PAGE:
Tunnel Bay  2020

 

Tunnel Bay lies within the national park network managed by the Tasmanian Parks and Wildlife Service (PWS), so you need a Parks Pass. 

I walked the track to Tunnel Bay with Sophie, on September 12. We made the campground at Fortescue Bay our base.

 

 

Walkers to Tunnel Bay and Shipstern Bluff (a famous big-wave surfing location) use the Cape Raoul carpark, at the end of Stormlea Road on the Tasman Peninsula. On the way in we passed four surfers heading back to the carpark; three were carrying surfboards, while the fourth was carrying half a surfboard. Apparently accidents are common at this location...  a place for experienced surfers only. The return walk to Tunnel Bay took us six hours, but it could be done easily in four hours.

 

Tunnel Bay is a small bay lying just west of the Cape Raoul peninsula. The red pin was placed by Google Earth and marks the start of the track where it branches from the Cape Raoul track. Tunnel Bay is the next bay to the west.

 

Before our walk to Tunnel Bay, we took the short two-hour track to Crescent Bay, just south of Port Arthur. The carpark for Crescent Bay also provides access to Remarkable Cave, however this track was closed for maintenance. If you're planning to visit Remarkable Cave, I recommend you get there very early, on a sunny (not cloudy) day. Because it's so accessible, it's usually very crowded.

 

The Maingon Blowhole lies at the extreme northeast corner of the Google Earth image above.

Even in calm weather, the blowhole is impressive:  https://youtu.be/_H6fudX_fxk

 

Crescent Bay, at the entrance to Port Arthur. Lots of clean sand. Popular with families on weekends.

 

At this time of year, wildflowers are a feature of the walk.

Healthland casuarina in flower.

 

That's Cape Raoul in the distance.

 

The walk to Tunnel Bay does NOT provide views of the spectacular cliffs which are a feature of the Tasman coastline a few kilometres to the east. However it is a very pleasant walk, with relatively few other hikers on the track.  Shortly after leaving the carpark, the track enters an impressive eucalypt forest, with tall trees towering into the sky.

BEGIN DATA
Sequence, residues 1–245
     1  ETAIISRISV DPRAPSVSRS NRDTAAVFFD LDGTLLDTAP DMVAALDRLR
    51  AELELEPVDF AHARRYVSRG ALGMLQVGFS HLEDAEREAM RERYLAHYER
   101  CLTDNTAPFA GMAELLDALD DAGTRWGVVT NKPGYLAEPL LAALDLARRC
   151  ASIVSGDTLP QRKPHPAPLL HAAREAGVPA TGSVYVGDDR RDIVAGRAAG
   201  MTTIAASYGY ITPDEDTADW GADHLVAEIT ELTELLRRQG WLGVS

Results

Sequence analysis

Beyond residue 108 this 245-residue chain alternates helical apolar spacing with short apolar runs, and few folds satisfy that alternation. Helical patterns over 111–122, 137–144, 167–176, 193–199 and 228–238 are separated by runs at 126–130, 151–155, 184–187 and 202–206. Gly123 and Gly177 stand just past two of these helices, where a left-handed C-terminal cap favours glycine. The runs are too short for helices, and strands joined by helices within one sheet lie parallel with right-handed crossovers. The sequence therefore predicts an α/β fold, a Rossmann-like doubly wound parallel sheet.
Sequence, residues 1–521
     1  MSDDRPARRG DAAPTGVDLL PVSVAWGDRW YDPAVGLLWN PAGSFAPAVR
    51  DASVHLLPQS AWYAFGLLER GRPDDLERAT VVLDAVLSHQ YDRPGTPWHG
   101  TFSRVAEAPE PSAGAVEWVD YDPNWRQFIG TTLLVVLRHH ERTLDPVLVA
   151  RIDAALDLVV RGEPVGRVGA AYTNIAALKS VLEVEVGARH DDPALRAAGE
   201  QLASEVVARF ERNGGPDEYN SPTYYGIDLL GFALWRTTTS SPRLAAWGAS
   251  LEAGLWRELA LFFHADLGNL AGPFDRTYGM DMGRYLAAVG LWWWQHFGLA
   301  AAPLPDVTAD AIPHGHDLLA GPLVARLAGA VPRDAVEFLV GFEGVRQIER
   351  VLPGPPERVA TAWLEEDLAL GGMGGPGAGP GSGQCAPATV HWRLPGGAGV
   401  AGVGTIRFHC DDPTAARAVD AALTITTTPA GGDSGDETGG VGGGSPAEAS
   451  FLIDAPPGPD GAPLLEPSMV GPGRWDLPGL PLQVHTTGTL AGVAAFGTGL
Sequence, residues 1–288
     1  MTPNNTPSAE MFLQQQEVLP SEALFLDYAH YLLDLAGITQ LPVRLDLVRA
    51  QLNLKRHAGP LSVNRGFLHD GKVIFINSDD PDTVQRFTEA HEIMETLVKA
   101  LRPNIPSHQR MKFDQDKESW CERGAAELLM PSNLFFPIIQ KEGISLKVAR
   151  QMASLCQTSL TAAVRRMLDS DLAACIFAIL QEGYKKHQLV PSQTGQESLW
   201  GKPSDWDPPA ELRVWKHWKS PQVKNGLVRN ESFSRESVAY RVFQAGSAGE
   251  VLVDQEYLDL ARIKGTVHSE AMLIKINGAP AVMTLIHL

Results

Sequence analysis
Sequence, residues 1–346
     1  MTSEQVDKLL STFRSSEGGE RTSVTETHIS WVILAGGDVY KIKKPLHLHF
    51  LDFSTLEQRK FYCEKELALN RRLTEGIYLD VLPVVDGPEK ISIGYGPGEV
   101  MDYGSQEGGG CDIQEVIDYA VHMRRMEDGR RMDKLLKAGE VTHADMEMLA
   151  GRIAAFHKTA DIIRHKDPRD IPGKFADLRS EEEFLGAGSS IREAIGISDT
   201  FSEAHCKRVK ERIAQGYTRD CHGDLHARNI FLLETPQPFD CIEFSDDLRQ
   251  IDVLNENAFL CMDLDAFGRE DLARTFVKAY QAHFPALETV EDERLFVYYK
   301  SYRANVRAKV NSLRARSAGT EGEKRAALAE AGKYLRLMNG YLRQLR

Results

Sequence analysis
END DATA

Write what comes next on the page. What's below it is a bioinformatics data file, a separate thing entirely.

Not far into this walk, the track crosses a small creek. Up until 2005, walkers crossed this stream on a fallen log. However the surface of the log is covered with moss and algae, and this slippery surface presents a danger to hikers. In 2005 the PWS upgraded this crossing.

 

Some hikers, perhaps for reasons of tradition, insist on using the original crossing, in spite of the danger.

See https://youtu.be/U0Ae8ZEh7SY

 

 

Like the Crescent Bay walk, there are lots of wildflowers out at this time of year.

 

Shiny, colourful leaves on epicormic shoots.  You see these shoots usually after the plant has been stressed. This is a eucalypt.

 

The vegetation along the track changes from forest to woodland, then, suddenly, you get to the edge.... 

Although you can't see it clearly in this photo, there are three boats and about eight surfers here. The boats transport surfers who are too lazy, or too rich, to walk in with their boards.

 

Near the sea, there's lots of low forest and woodland. Trees give way to coastal heath in areas more exposed to wind.

 

Tunnel Bay. Quiet, secluded, beautiful. The rock beach tells a story of great wave energy coming in to the bay from the Southern Ocean.

We were the only visitors to the bay on that day. It was good to have the place to ourselves.

 

There are interesting rock formations...

What appears to be one igneous rock imbedded in a surrounding igneous rock... The original mudstones and sandstones in this area experienced multiple igneous intrusions. 

 

Wonderful yellow and orange lichens.

 

The eastern beach.

 

 

 

 

I love the brilliant colours of the pigface plant...

 

 

 

 

The western beach.

 

 

We headed home in the afternoon, with the sun behind us lighting the tree-trunks.

 

 

 

Home